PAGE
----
NASA requesting proposals for Orion engine2 min read

WASHINGTON — NASA is seeking bids to develop a new engine for its Orion spacecraft that will effectively be a plug-in replacement for the shuttle-era engine used on the spacecraft’s initial missions.

Initial Orion missions will use a shuttle-era engine in its service module, but NASA is seeking proposals for a new engine for later missions that will have the same performance and interface requirements. Credit: Airbus

NASA published a request for proposals March 19 for the Orion Main Engine with a deadline of June 11. The agency expects to select a company and have it on a firm fixed price contract by Nov. 1 that has a period of performance extending to mid-2031.

The contract will cover the production of new engines for Orion’s European-built service module. That engine is used for major maneuvers by the spacecraft, such as entering and departing lunar orbit, and for some abort scenarios.

Initial Orion missions will use Orbital Maneuvering System (OMS) engines originally built for the space shuttle program by Aerojet Rocketdyne. NASA anticipates that the first five Artemis missions will use those engines, which means that the new engine will not be needed before at least the mid-2020s.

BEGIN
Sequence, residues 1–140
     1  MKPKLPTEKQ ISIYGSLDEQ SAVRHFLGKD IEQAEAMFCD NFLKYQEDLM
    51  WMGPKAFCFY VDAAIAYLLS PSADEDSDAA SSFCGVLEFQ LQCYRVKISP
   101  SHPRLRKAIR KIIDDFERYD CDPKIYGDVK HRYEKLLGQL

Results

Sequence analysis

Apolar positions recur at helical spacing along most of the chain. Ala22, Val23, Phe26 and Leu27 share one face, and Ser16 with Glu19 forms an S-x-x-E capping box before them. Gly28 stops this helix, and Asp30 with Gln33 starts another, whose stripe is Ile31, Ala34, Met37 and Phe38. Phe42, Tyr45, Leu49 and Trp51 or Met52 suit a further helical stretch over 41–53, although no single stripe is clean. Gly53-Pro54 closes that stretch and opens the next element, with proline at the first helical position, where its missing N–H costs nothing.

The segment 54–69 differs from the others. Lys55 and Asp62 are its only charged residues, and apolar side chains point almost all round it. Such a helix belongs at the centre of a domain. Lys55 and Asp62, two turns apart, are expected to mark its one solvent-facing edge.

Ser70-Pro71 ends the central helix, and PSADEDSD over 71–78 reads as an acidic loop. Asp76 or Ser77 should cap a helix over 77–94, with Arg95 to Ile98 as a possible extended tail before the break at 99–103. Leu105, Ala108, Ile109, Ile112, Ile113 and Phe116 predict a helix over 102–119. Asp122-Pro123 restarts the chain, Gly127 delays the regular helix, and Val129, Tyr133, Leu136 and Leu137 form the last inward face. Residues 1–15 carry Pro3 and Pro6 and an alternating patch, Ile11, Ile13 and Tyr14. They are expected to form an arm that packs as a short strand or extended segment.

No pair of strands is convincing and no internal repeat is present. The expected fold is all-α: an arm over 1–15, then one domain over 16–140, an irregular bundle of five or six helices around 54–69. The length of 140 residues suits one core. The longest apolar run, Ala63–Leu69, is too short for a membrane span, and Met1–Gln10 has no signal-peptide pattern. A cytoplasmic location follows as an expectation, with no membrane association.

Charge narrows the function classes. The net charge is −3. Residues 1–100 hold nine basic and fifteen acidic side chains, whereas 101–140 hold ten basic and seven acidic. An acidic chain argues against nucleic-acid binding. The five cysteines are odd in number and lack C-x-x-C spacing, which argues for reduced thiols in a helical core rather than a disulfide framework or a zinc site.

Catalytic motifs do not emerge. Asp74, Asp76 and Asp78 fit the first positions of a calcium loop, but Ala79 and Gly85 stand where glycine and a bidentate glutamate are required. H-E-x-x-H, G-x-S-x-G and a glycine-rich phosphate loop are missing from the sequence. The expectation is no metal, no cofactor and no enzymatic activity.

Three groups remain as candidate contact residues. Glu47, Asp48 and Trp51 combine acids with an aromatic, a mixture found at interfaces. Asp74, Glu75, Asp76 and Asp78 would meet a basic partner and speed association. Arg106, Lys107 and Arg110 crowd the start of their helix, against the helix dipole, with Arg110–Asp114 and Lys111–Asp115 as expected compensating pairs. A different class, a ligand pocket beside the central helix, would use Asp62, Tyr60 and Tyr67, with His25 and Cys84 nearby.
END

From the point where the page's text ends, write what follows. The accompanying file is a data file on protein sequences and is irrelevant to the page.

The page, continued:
The OMS, and overall Orion propulsion system, has generated some criticism because of its limited performance. That’s driven the use of a near-rectilinear halo orbit for lunar operations, rather than a low lunar orbit that would require a greater change in velocity to both enter and exit.

However, there are no plans to change the engine’s performance, or that of the overall propulsion system in the Orion service module, with this new contract. The request for proposals notes that the new Orion Main Engine much be compatible with interfaces with the service module and ground equipment, and that the engine will be constrained “within the existing [European Service Module] interface, performance, and functional requirements.”

The publication of the request for proposals, which came after a request for information last June and a draft request for proposals in December, does not appear to be significantly altered by the coronavirus pandemic. An industry day briefing about the procurement, which traditionally has been done in-person at a NASA center, will instead be done online April 2.


SOURCE: Space News
Featured Image: Airbus

SHARE THIS POST
Love
Haha
Wow
Sad
Angry
Sebastien Clarke
Sebastien Clarke

Astronaut is dedicated to bringing you the latest news, reviews and information from the world of space, entertainment, sci-fi and technology. With videos, images, forums, blogs and more, get involved today & join our community!

Leave a Reply

Your email address will not be published. Required fields are marked *

Subscribe To Our Newsletter

Join our mailing list to receive the latest news and updates from Astronaut.com.

You have Successfully Subscribed!